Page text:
The trick is to make room for openness in the succession of caused events in the world rather than be confined to a closed and fully determined chain of events. This bumps up against the classical theological claim that the future is fully known to a God who stands entirely outside the flow of time. But an open universe implies a different divine approach. “If the physical universe is one of true becoming, with the future not yet formed and existing, and if God knows that world in its temporality, then that seems to imply that God cannot yet know the future. … Omniscience is self-limited by God in the creation of an open world of becoming” (p. 73).
This discussion does not, of course, answer the difficult question that heads this section. As Polkinghorne concludes his own discussion, “We are a long way from a full understanding of our own powers of agency, let alone how God works in the world” (p. 74). It does perhaps show that serious thinking about God’s interaction with or intervention into the orderly causal processes of the physical world tends to lead one to rethink the classical theological formulation of God’s attributes and powers, something Mormons are already inclined to do.
3. There is more room for dialogue between science and religion now than in the past. The bookshelves at libraries and bookstores certainly make the point. He acknowledges the difficulty theologians face in learning enough science to have a meaningful engagement. Some physicists have attempted to engage with serious theology (as Polkinghorne has done), but other fields need to contribute. “We desperately need the participation of more biologists, more practitioners of the human sciences, and more theologians,” he says (p. 78).
What should that dialogue look like? “[A]ttempts to articulate Christian belief in ways that seem natural and congenial to the scientific mind” is one way of describing it (p. 84). Polkinghorne points out this does not mean subordinating theology to science. He adds a further contrast between assimilationists and what we might call separationists. “The assimilationist seeks the most immediate and accessible correlation between scientific and religious thinking,” which to me does seem inclined to simply restate or recharacterize religious ideas or events in terms friendlier to present-day science (p. 86). A separationist (whom he terms a “consonantist”), “while wishing to ensure that theological understanding is consistent with what science tells us about the structure and history of the physical world, will insist that theology is as entitled as science to retain those categories which its experience has demanded that it shall use, however counterintuitive they may be” (p. 86). I suspect most LDS participants in the religion-science dialogue fall into the separationist camp.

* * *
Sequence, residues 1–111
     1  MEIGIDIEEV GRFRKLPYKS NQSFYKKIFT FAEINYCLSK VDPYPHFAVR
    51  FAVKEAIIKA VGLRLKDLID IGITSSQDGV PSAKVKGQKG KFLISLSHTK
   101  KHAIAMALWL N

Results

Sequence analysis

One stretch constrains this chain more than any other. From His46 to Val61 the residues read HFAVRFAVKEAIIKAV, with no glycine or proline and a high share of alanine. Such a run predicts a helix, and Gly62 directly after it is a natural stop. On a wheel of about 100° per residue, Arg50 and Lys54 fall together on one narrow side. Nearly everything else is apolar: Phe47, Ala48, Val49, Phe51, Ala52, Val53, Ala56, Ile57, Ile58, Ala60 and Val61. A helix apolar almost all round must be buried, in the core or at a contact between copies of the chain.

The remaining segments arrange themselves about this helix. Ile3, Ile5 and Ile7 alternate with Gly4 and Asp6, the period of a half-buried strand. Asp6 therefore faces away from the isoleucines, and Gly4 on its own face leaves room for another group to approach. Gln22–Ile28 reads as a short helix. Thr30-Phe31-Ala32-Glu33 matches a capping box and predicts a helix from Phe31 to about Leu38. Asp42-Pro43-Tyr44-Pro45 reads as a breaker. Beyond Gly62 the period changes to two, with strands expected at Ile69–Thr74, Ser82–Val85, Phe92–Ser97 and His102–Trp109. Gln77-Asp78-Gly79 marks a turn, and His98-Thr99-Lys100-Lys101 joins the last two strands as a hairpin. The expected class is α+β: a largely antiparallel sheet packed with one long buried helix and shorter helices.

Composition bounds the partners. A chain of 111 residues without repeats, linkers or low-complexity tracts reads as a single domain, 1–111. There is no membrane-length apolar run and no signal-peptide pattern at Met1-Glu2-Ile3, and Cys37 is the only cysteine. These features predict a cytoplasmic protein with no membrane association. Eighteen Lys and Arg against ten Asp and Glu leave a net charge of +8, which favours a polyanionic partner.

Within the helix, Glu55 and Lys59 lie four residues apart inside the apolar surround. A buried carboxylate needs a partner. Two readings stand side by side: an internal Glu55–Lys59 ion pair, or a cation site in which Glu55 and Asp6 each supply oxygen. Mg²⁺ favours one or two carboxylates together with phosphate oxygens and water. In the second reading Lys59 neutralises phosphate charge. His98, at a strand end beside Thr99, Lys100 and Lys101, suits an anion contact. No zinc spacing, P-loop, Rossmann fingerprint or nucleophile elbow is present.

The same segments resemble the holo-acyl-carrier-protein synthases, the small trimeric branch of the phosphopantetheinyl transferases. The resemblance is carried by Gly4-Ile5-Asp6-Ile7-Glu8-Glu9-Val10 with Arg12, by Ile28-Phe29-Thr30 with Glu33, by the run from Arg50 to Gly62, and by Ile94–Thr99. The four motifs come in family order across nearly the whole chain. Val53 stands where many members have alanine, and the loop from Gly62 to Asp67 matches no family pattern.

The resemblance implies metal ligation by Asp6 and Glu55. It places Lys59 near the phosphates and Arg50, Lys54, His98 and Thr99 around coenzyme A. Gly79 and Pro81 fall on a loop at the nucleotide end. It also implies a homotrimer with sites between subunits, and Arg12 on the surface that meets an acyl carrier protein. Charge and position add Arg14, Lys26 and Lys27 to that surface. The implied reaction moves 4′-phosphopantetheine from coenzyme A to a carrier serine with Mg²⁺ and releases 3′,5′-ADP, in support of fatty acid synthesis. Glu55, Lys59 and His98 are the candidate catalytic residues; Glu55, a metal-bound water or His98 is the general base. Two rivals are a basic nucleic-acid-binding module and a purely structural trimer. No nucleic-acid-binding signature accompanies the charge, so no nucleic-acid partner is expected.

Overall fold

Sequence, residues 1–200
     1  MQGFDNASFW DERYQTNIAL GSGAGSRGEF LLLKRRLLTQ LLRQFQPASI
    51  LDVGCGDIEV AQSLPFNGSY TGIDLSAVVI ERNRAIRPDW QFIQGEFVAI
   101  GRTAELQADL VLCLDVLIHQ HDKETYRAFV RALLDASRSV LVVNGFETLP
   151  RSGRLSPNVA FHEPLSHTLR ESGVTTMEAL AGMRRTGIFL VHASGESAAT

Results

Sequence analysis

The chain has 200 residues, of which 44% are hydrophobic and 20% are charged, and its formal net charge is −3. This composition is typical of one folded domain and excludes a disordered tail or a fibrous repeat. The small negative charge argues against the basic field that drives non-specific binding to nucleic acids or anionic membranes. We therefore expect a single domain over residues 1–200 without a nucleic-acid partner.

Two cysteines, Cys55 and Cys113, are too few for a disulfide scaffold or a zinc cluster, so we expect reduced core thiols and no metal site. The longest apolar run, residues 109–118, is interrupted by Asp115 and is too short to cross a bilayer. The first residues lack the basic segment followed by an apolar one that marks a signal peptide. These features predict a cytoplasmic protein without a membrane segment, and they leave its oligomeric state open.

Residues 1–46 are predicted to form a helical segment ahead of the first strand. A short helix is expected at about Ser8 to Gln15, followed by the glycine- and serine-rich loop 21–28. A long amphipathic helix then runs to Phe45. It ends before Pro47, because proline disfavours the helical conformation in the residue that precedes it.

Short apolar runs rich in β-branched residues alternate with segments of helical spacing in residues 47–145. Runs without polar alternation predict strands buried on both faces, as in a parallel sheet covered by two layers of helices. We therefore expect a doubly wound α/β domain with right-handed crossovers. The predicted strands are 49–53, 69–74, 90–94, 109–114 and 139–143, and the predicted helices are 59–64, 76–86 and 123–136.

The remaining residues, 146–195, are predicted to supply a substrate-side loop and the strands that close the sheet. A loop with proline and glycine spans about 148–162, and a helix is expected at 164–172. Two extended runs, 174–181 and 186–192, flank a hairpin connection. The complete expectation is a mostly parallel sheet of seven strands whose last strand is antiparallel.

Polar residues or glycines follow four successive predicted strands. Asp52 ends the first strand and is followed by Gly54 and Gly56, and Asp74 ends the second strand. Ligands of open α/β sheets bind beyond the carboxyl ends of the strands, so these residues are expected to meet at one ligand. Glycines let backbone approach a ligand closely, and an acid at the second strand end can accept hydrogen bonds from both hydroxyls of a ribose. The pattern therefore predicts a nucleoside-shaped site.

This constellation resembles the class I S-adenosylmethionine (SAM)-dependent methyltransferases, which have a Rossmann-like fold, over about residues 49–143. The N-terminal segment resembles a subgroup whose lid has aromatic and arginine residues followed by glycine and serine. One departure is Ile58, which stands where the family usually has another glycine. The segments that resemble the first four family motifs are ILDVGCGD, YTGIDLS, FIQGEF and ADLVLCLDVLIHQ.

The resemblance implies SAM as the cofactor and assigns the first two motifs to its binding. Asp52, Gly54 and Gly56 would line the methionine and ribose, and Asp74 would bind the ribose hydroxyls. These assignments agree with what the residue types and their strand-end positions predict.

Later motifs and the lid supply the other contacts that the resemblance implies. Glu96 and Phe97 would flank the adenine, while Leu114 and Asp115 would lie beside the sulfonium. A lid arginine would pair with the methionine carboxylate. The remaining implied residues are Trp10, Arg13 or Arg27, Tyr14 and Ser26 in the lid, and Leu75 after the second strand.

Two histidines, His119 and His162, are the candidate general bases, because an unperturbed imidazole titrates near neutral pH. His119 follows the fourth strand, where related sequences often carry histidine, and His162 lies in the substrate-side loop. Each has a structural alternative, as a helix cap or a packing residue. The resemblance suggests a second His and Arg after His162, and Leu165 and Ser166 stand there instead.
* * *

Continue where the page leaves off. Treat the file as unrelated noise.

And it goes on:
Conclusion. Let me return to my opening point: The primary challenge of modern theology is to establish a paradigm within which faith can persist in the age of science.
Here’s a question that perhaps makes this point for the LDS reader. You are studying an LDS doctrine or passage of scripture, say this one: “As one earth shall pass away, and the heavens thereof even so shall another come; and there is no end to my works, neither to my words” (Moses 1:38). Would you be more pleased if Augustine, Luther, Barth, or modern science lent support to your view of what that verse means? I think we’re all happier with science in our corner. It will take a lot of dialogue to get us there.
Other fine posts on this topic:
A fine post. I have to take issue with your rhetorical question at the end, though. Modern science would be the last source of agreement I would want on my interpretation. It means that my interpretation lacked a transcendent, enchanted, spiritual dimension.
#1: Adam_ I agree with you. The ‘dialogue’ between Science and Religion (as Dave gives it), is over my head. It does not give me understanding , hope, or comfort.
I’m afraid I would pick science, because it feels like a confirmation of faith. However, I acknowledge Adam’s take as the loftier one. Nicely, Mormonism provides latitude both ways.
But not so straightforward for the Mormon believer, because we believe that matter (or spirit matter?) is eternal, or something, and that God lives within the universe, or something (I think?). So we don’t have an answer to why there is something rather than nothing.
(Unless I’m mistaken about what “we believe.” Like nailing Jello to the wall, you know.)
“Why is there something rather than nothing?” IMO, I don’t think Science or Religion has answer that. God is something.
“Eternal” is just a work around.
The problem with relying on chaos theory to disguise God’s presence is that it involves a system that, while complex, is testable. God cannot directly move an inanimate object within a natural system without revealing himself. The only way around this that I can think of is to employ animals as pawns for directing energy within the system.
It doesn’t help that most biologists consider the proposition that there _any_ divine, external, or spiritual influence at all in evolution to be a form of apostasy, as do most scientists when faced with the question of (real) free will.